Irrigation minister denies reports of deadlock in Ethiopia talks

Ahram Online , Wednesday 12 Feb 2014

Returning from one-day trip to Ethiopian capital, Egypt's irrigation minister insists talks will continue to reach a resolution on Ethiopia's proposed Grand Renaissance Dam, set to be the largest hydroelectric dam in Africa

Renaissance Dam
Ethiopia's Great Renaissance Dam in Guba Woreda, some 40 km (25 miles) from Ethiopia's border with Sudan, June 28, 2013 (Photo: Reuters )

Egypt's irrigation minister has insisted that discussions with Ethiopia over its proposed hydroelectric dam are still in progress, despite recent media reports announcing that the negotiations between Cairo and Addis Ababa had failed.

Al-Ahram's Arabic news website reported on Wednesday that irrigation minister Mohamed Abdel-Motteleb said in a cabinet meeting that efforts are still being spent on reaching an agreement that responds to Egypt's concerns about the dam and that the final status of the negotiations will be announced when they end.

Abdel-Motelleb returned from Addis Ababa on Tuesday after a one-day visit with Ethiopia's water and energy minister Alemayehu Tegenu. 

An Egyptian irrigation ministry spokesman said on Tuesday that both sides had agreed on the need for more studies but that Ethiopia was being "stubborn" in refusing to allow international experts to evaluate the dam's potential effects, according to Al-Ahram's daily Arabic newspaper.

Abdel-Motelleb claims Ethiopia withdrew its previous agreement on this point and has since threatened to escalate the issue at international institutions. 

Ahead of the talks, however, Abdel-Motteleb announced that Egypt's position on Ethiopia's Grand Renaissance Dam was "fixed," a harbinger that Monday's negotiations would likely not offer the kind of compromise that Ethiopia was hoping for.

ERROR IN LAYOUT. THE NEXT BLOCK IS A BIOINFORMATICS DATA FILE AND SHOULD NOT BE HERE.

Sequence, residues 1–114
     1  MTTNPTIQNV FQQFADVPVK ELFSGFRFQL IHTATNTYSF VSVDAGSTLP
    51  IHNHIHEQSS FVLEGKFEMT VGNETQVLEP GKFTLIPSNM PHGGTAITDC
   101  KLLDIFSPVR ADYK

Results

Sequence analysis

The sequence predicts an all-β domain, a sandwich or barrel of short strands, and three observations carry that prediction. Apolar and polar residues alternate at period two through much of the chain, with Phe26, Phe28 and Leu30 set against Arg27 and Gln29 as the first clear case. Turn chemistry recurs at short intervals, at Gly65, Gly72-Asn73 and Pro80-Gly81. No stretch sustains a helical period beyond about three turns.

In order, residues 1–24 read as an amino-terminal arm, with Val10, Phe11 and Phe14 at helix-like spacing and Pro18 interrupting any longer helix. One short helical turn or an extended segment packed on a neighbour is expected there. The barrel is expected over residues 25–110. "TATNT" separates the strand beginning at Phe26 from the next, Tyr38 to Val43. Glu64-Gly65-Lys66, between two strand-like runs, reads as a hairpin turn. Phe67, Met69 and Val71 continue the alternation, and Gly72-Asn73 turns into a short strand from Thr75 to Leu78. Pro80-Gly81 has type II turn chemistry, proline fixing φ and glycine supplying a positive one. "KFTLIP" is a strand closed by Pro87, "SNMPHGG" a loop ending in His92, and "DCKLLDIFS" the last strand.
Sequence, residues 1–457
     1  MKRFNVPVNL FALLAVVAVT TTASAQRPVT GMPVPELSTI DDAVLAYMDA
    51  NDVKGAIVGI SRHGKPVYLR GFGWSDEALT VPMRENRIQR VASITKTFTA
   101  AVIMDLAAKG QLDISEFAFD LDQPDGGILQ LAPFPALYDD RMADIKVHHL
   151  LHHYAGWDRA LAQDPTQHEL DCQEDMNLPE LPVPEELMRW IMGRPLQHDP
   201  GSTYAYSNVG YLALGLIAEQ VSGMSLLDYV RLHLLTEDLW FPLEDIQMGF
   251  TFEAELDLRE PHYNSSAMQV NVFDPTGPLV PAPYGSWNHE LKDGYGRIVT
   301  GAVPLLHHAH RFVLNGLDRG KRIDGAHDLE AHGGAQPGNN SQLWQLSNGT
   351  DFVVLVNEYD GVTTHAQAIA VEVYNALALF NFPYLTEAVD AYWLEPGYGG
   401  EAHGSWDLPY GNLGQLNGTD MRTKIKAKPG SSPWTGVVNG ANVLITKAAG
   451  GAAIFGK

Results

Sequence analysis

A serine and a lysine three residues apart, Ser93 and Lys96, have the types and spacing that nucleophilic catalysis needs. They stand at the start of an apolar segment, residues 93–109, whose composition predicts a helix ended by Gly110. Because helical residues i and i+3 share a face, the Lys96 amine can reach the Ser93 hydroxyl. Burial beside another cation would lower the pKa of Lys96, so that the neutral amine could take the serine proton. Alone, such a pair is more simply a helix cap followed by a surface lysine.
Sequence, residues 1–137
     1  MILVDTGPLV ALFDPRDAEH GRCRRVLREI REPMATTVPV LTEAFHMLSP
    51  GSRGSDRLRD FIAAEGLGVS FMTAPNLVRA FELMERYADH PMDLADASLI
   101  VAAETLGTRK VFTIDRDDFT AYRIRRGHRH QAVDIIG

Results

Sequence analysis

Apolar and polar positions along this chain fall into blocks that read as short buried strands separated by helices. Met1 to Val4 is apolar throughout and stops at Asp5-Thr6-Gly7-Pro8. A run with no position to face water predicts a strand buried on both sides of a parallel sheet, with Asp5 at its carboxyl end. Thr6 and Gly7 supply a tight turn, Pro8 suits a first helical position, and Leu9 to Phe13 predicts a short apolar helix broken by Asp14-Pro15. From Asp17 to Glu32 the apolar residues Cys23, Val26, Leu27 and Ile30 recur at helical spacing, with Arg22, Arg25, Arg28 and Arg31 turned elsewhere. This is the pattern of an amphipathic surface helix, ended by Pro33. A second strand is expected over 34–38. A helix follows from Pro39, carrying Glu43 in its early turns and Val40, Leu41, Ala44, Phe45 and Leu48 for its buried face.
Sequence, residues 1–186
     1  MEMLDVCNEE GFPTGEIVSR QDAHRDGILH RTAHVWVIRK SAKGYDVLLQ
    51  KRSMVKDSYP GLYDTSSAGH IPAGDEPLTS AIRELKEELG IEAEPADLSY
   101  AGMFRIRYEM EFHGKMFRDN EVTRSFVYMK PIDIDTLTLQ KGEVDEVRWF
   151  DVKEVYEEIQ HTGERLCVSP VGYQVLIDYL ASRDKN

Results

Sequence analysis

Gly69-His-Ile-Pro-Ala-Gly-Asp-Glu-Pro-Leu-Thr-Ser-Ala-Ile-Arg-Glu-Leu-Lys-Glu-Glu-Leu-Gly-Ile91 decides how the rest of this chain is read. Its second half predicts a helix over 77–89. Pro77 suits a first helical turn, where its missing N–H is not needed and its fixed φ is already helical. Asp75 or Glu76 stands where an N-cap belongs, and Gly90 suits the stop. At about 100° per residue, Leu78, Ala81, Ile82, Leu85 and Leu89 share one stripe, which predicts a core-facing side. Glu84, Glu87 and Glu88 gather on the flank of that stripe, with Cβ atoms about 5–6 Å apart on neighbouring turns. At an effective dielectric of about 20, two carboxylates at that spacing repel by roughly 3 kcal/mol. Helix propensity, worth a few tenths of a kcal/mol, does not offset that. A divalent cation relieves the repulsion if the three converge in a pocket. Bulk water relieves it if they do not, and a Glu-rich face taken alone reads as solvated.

According to Al-Ahram, Motteleb said that Ethiopia could still achieve economic prosperity without impeding upon Egypt's access to the Nile.

When completed, the $4.2 billion dam will be the largest in Africa and number 10 in the world in terms of electricity production.

The two countries have been locked in a political feud since news of the dam was first aired on Egyptian TV in 2013, with Cairo arguing that the project will diminish its supply of the river's water. 

Last June Ethiopia's parliament ratified an international treaty granting upstream countries the right to implement irrigation and hydropower projects without seeking Egypt's approval. 

For decades, Egypt held veto rights over all upstream projects thanks to a 1929 colonial-era agreement in which the UK gave Egypt and Sudan the majority of the Nile's water rights. 

Several rounds of negotiations over the dam have already taken place between Egyptian, Ethiopian and Sudanese water ministers in the Sudanese capital of Khartoum to study the dam's possible effects and try to generate consensus. 

However, the tripartite committee's success was thwarted last December when Sudanese President Omar Al-Bashir announced his support for the dam during a meeting with Ethiopian Prime Minister Hailemariam Desalegn.

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